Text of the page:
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DOL Cites Florida Employer for Improperly Paying Disabled Workers Sub-Minimum Wage


On September 29th, 2020, the Department of Labor (DOL) announced that Pine Castle Inc.—a Jacksonville, FL-based non-profit organization—has agreed to pay nearly $15,000 in back wages to nearly four dozen employees. The employees are all adults who have an intellectual or developmental disability.

The federal agency contends that the North Florida not-for-profit organization violated federal minimum wage regulations by failing to provide proper career support services. In this article, our Miami employment lawyers discuss the allegations raised by the DOL and provide a brief overview of the relevant provisions of the Workforce Innovation and Opportunity Act.

DOL Allegations: Non-Profit Organization Failed to Provide Adequate Services  

Pine Castle Inc. provides support services to adults with intellectual and developmental disabilities. Part of their core mission is the laudable goal of empowering people. In doing so, they teach skills, arrange activities, offer job training, and even offer some vocational opportunities. Similar to any other employee, an adult who has a disability is protected by the Fair Labor Standards Act (FLSA) and other state and federal labor laws.

That being said, the FLSA contains an exception that allows companies and organizations to pay workers a sub-minimum wage if they simultaneously provide extensive support services that offer a greater overall value. In this case, the Department of Labor alleges that Pine Castle Inc. failed to provide adequate support services to nearly 50 employees, triggering minimum wage violations. The Jacksonville non-profit organization will pay more than $14,400 in back wages to affected employees. 

Understanding Section 511 of the Workforce Innovation and Opportunity Act 

Federal law was reformed to help give intellectually and developmentally disabled workers better access to employment opportunities. When certain conditions are satisfied, an employer can pay these workers less than minimum wage. However, there are strict rules regarding the services that the employer must provide. Under Section 511 of the Workforce Innovation and Opportunity Act, employers relying on the FLSA minimum wage exception must:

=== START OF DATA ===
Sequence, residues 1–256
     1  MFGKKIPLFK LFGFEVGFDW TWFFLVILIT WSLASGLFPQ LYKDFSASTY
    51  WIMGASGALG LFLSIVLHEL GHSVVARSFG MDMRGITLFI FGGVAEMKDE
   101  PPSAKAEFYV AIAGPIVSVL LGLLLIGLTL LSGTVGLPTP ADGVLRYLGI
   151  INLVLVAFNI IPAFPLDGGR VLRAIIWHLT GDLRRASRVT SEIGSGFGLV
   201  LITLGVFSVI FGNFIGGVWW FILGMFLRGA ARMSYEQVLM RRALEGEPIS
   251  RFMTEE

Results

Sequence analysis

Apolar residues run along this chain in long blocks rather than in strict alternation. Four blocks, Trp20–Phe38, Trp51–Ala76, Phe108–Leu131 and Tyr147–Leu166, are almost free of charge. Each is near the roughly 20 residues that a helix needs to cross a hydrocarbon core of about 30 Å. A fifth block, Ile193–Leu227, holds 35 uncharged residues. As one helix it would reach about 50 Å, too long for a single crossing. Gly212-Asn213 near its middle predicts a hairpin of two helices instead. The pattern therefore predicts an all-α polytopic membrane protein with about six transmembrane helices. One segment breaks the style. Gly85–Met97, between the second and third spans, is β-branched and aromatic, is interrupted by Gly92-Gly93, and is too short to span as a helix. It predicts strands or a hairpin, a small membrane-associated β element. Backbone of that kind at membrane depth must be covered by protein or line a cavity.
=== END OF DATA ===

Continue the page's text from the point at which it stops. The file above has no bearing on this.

• Provide career counseling services; and
  • Provide work with the state vocational rehabilitation agency.

These services are designed to help increase an employee’s skills, independence, and self-sufficiency. As Pine Castle did not provide sufficient services to its employees, it could not rely on the exception included within the Workforce Innovation and Opportunity Act. As such, each employee was owed at least a $7.25 per hour minimum wage. Businesses and organizations should understand their obligations under federal law if they are planning to rely on an exception to minimum wage requirements.

Contact Our Florida FLSA Lawyers for Immediate Help With Your Legal Case

At Pike & Lustig, LLP, our Floria employment attorneys have the skills, experience, and knowledge to represent employers and employees. We are focused on protecting the rights and furthering the interests of our clients. If you have questions about your rights or responsibilities under the FLSA, we are here to help. Call our Miami office or West Palm Beach office today for a confidential initial consultation.




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